Edward McDonnell, DatSci Awards
Edward McDonnell, centre director, CeADAR. Photo by Connor McKenna

DatSci Awards: Celebrating the best from this hot jobs market

25 Aug 2016

With the DatSci Awards fast approaching, we find out more about data science and data scientists from those seeking to celebrate the best of them.

The first-ever DatSci Awards will take place in Dublin on 22 September. The event will recognise and reward companies, teams and individuals deemed to be the best in this emerging field.

To find out more, we sat down with the heads of the organisations behind this data science celebration: Linda Davis, CEO of Next Generation recruitment agency and Edward McDonnell, director of CeADAR, the Centre for Applied Data Analytics Research.

Inspirefest 2017

What is data science?

“I think one of the great attributes that data science brings is better decision-making, greater objectivity in decision-making,” said McDonnell.

“Because, basically, your decisions are based on the hard data and facts rather than what we call the HiPPO – the highest-paid person’s opinion.”

This practice of supplementing decision-making with data can reap advantages for both consumers and companies. And the applications appear to be endless.

Some examples offered by Davis include using data to identify what, how, when, why and where your customers buy specific products in order to optimise that experience. Businesses can use delivery and purchase data to determine where is the best location for a distribution centre. They can find out when is the best time to sell a car, or which is the best platform for selling a medical product.

“It’s impacting virtually everything in the business world as it stands and it’s really only emerging, and it’s evolving day by day,” said Davis.

What is a data scientist?

Emerging as a key force driving all sorts of decision-making, data science has prompted the development of a new “job family” in recruitment, as Davis puts it.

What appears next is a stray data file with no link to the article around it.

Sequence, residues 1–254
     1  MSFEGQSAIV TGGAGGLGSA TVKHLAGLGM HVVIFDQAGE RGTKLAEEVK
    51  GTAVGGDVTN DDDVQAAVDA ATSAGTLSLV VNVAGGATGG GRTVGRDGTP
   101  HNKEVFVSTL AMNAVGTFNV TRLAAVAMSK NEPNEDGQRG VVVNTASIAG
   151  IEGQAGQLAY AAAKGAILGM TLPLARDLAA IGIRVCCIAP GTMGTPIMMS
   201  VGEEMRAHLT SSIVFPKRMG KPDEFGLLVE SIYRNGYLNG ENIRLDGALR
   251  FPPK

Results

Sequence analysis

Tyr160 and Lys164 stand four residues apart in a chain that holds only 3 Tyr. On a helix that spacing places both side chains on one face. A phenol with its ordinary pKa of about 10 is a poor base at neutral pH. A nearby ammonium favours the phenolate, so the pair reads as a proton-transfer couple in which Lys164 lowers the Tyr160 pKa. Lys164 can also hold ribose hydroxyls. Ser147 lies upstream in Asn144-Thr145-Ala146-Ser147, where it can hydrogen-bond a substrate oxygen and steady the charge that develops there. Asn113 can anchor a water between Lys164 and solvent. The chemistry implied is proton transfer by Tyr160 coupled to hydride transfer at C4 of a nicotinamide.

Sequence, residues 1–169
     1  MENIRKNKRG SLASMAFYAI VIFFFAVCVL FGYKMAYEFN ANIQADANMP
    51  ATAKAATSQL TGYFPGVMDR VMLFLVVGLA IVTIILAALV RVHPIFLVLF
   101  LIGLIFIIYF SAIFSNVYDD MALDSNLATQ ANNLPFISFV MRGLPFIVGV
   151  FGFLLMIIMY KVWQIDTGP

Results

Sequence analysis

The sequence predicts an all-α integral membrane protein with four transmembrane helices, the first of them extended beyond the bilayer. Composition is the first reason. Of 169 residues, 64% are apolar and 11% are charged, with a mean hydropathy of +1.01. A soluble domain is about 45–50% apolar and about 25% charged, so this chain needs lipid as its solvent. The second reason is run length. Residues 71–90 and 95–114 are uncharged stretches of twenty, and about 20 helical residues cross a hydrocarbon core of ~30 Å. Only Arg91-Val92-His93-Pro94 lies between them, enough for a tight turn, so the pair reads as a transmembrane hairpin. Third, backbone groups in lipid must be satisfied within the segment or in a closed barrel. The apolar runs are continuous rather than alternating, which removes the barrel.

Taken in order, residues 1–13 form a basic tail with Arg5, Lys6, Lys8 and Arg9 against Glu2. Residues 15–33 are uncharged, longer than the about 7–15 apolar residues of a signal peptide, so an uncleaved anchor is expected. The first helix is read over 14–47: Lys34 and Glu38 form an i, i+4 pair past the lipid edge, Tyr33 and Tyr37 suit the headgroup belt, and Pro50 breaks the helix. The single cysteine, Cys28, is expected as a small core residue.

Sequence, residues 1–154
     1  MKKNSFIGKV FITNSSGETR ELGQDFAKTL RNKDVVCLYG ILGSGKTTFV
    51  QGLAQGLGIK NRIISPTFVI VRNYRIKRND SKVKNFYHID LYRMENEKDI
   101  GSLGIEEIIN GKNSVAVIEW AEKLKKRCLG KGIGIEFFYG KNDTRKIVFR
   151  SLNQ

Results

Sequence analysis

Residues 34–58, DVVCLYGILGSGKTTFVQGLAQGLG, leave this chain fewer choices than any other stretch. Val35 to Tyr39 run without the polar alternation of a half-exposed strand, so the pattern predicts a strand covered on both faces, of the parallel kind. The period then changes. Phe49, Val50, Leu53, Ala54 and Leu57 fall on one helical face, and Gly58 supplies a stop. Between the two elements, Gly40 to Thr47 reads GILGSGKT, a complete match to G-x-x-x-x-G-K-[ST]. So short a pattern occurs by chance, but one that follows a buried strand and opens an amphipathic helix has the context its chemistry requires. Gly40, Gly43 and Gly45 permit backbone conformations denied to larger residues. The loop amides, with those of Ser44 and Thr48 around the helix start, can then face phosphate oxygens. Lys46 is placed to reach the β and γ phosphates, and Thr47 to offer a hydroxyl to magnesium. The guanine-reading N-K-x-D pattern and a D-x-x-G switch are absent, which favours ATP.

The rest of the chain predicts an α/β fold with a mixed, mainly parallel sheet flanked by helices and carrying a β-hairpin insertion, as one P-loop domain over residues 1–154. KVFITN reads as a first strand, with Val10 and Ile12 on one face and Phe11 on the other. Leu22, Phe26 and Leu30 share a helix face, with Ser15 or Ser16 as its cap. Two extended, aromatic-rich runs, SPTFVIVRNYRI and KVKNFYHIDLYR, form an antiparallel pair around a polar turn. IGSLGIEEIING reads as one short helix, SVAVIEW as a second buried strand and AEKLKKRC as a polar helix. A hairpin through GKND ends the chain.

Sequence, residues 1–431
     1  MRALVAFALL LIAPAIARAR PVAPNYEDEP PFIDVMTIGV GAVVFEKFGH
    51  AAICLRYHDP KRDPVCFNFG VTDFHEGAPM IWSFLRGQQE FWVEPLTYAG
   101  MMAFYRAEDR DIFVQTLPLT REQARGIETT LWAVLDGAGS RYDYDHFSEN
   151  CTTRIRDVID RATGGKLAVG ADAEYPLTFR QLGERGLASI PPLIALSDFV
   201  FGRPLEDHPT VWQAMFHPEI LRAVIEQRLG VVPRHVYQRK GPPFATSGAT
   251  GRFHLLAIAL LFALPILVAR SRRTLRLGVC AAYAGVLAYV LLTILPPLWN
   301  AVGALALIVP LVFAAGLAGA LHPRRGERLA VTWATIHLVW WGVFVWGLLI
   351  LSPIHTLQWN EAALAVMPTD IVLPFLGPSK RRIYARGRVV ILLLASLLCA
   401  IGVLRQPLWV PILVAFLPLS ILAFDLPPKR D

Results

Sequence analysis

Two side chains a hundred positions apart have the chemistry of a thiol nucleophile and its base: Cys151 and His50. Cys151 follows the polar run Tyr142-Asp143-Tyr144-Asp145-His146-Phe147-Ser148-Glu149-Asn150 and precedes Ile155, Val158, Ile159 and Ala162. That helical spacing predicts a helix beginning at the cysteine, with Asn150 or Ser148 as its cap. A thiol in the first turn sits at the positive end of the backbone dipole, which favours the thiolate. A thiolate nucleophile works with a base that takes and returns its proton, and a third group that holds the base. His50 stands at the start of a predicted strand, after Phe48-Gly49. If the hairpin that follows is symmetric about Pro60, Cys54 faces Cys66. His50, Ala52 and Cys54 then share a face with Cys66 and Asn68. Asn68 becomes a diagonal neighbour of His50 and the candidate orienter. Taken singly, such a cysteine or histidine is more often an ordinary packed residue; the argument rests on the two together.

“We opened a data science recruitment desk three years ago. Back then it was very unheard of. Companies were only learning about it. They were only shaping what their headcount needed to look like. Now, that has completely grown and it’s impacting everything from the media space, retail, medical, pharmaceutical and even morphing into the sports world,” she said.

“The data scientist is a very unique combination of characteristics,” said McDonnell. “This is a person who is familiar with maths, statistics and computer science, and is able to articulate business problems into technical solutions and give the insights and visualisations.”

‘The data scientist is familiar with maths, statistics and computer science, and is able to articulate business problems into technical solutions and give the insights and visualisations’

McDonnell added that the Irish jobs market – particularly in Dublin – is “hot for data science”, with businesses from indigenous SMEs to multinational corporations recruiting in this area.

A good education

Our lives are increasingly driven by data insights from businesses and services that need to hire the right teams for all this data collection and analysis. For a whole new sphere of recruitment, experience is a rare find, so education plays a key role in producing the data scientists we need now and in the future.

When asked if education and training are keeping up with this talent demand, Davis cited the key colleges opening courses in data science and traditional tech and IT institutions integrating the subject into their curriculum.

“We’re not as advanced as other countries but we are certainly getting much more advanced than we would have been three, four years ago,” she said.

Looking for jobs in tech or science? Check out our Employer Profiles for information on companies hiring right now.

Elaine Burke
By Elaine Burke

Elaine Burke was editor of Silicon Republic until 2023, and is now the host of For Tech’s Sake, a co-production from Silicon Republic and The HeadStuff Podcast Network. Elaine joined Silicon Republic in 2011 as a journalist covering gadgets, new media and tech jobs. She later served as managing editor before stepping up as editor in 2019. She comes from a background in publishing and is known for being particularly pernickety when it comes to spelling and grammar – earning her the nickname, Critical Red Pen.

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